Statista research finds the percentage of the US population with a social media profile is running at about 77% right now. Even more interesting perhaps is that it declined from 80%, as of the end of 2017. Maybe we aren't as social as we once were or maybe this is a result of the largest social media platforms deleting accounts they are unable to authenticate.
Speaking of authentication, in banking, we note that many banks no longer rely solely on passwords anymore. Today, banks rely more on two factor authentication (2FA). This type of authentication checks a user's identity using a combination of two different pieces of evidence (factors) such as, something the user knows, and either something the user has, or something the user is. A typical example here is a logon ID with a password and a system generated code sent to the user's mobile phone or email.
The problem is that as with most things, the bad guys are pretty good at breaking nearly any security protocol. Since many banks use text messages as the second factor, this is worth reviewing.
These days, hackers can more easily bypass weak 2FA implementations. They do this by either intercepting software codes or exploiting account-recovery systems. Some hackers have even targeted phone carriers to get to bank account information by rerouting and forwarding codes in transit, to their evil lairs. Bankers should be careful here and when something seems the least bit odd with a customer- ask, ask, and ask again.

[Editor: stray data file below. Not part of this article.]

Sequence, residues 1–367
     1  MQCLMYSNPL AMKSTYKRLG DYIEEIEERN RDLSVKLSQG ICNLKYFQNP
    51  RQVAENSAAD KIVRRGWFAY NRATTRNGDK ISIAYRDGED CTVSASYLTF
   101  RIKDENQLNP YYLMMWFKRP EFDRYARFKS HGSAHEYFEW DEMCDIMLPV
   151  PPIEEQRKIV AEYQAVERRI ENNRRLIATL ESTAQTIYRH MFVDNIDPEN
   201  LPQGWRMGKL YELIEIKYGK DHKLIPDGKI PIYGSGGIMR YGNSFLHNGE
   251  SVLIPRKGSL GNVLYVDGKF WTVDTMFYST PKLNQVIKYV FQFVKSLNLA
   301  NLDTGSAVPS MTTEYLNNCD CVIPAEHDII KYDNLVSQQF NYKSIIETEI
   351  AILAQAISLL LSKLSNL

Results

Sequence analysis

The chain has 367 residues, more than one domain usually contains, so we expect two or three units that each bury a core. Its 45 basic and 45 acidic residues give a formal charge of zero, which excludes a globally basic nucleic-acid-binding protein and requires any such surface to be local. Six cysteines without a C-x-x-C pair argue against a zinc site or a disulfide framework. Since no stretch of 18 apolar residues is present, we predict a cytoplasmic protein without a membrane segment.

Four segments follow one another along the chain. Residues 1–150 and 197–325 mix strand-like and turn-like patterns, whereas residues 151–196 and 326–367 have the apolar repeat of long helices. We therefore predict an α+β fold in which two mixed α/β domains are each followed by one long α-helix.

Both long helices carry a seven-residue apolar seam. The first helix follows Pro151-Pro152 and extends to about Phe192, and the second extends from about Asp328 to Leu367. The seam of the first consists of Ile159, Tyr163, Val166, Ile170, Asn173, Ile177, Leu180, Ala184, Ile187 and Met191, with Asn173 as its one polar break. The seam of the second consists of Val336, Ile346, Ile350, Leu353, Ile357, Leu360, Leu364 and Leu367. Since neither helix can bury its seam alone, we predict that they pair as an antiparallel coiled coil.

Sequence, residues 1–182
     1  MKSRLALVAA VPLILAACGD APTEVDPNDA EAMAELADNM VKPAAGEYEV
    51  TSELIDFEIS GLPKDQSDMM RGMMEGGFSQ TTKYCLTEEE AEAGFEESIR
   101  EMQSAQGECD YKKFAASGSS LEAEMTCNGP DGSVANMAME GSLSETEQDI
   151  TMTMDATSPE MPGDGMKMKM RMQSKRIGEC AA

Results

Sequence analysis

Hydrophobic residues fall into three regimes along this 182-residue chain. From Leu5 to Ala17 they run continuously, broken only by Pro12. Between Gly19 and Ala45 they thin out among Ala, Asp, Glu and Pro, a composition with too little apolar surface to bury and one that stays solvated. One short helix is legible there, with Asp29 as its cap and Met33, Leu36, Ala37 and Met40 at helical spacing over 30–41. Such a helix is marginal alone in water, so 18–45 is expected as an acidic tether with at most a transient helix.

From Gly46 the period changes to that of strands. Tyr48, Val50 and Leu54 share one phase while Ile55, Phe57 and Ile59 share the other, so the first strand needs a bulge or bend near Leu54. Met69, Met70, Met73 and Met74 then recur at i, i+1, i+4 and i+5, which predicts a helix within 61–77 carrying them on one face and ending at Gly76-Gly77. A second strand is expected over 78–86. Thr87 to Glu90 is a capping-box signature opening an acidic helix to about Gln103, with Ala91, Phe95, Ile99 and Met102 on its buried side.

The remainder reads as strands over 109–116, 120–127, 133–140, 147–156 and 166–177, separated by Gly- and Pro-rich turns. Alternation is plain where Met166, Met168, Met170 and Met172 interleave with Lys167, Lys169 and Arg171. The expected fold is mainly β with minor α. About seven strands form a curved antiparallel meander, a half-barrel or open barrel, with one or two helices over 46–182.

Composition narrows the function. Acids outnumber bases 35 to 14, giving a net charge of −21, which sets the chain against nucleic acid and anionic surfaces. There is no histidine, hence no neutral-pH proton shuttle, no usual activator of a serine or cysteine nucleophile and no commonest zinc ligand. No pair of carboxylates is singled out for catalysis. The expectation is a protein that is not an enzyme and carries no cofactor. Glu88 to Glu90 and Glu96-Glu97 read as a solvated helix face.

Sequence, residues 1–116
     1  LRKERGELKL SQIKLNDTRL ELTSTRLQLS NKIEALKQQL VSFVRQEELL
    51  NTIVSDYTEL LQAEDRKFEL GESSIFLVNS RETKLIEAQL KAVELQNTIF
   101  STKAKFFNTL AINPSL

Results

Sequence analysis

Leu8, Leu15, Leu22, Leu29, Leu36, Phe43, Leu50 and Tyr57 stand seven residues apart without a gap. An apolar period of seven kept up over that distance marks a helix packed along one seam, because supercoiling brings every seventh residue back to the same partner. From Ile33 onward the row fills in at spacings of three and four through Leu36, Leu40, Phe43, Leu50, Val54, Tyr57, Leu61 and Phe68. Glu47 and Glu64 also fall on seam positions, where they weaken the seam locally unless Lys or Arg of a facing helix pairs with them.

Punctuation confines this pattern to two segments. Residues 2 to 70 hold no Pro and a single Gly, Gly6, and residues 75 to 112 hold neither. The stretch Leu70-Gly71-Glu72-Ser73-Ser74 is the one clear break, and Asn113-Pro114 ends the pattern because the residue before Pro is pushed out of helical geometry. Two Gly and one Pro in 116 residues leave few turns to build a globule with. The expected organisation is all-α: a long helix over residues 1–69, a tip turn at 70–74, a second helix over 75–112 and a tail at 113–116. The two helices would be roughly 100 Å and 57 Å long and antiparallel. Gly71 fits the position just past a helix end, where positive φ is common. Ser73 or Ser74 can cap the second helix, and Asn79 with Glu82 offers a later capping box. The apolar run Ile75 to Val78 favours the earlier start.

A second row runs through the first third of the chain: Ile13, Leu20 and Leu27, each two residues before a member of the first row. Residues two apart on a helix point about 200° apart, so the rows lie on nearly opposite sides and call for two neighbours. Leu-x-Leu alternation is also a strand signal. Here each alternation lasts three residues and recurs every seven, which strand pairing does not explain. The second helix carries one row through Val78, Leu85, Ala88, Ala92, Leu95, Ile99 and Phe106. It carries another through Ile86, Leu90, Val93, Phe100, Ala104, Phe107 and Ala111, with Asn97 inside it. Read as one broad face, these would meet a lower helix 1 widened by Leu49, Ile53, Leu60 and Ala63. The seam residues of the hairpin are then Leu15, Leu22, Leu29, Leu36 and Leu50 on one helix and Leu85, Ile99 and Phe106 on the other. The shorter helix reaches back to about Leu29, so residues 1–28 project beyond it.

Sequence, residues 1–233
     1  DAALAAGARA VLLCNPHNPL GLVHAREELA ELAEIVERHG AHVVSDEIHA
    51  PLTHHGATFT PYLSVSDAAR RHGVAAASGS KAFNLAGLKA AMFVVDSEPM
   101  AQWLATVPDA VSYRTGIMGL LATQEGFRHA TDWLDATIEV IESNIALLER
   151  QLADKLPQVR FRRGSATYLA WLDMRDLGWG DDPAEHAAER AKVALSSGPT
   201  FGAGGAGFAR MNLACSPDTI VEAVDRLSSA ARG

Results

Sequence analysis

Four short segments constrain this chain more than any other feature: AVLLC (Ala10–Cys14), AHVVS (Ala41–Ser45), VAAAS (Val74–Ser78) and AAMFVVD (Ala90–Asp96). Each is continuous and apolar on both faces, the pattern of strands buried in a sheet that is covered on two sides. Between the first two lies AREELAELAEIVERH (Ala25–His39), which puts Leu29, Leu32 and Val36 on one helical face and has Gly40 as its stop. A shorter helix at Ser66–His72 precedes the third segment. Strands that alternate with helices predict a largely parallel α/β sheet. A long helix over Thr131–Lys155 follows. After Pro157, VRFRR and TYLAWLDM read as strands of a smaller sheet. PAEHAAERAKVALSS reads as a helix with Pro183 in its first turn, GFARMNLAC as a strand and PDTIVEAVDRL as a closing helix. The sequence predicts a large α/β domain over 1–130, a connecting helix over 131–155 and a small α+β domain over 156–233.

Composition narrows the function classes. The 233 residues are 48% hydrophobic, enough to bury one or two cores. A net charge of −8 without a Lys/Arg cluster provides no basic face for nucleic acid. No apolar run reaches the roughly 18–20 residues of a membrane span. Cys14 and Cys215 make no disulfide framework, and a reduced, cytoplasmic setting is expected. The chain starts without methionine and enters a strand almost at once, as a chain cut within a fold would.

Another way thieves acquire texted authentication codes can be to send an unsuspecting person a text or to simply call their mobile number. Thieves then pose as a bank representative and claim they have seen suspicious account activity. The scammer then makes a big to-do about not giving them any personal information for security reasons, but tells the customer to expect a text from the bank asking for an authorization code to fix the problem. The thief then attempts to log into the customer's online account using previously stolen login information and when the actual text message code is sent to the customer for authorization, he provides it to the thief, thinking it's the bank.
These examples show the downside to using phone numbers as proof of identity, yet there are efforts afoot to shore up security. Four major US wireless carriers have teamed up on "Project Verify", an app due out next year that is supposed to seamlessly verify the user's identity using a multi-factor profile based on their personal mobile device. While this doesn't do much good if the user's phone is stolen, it is a big step in the right direction.
In the meantime, banks must continue to take a multi-pronged approach to security and authentication. This includes things such as passwords, 2FA and even biometrics perhaps. Of course, you can also employ passive authentication. This is where technology is used to detect whether a SIM card is the same one that has been used for past transactions, and where the signal is coming from, to try to detect geographic location anomalies.
While nothing is foolproof, when multiple types of security barriers are erected, it's harder for thieves to break through. We know you are working hard to stay vigilant, and we will continue to provide you with helpful updates along the way no matter the social media or other platforms your customers are using.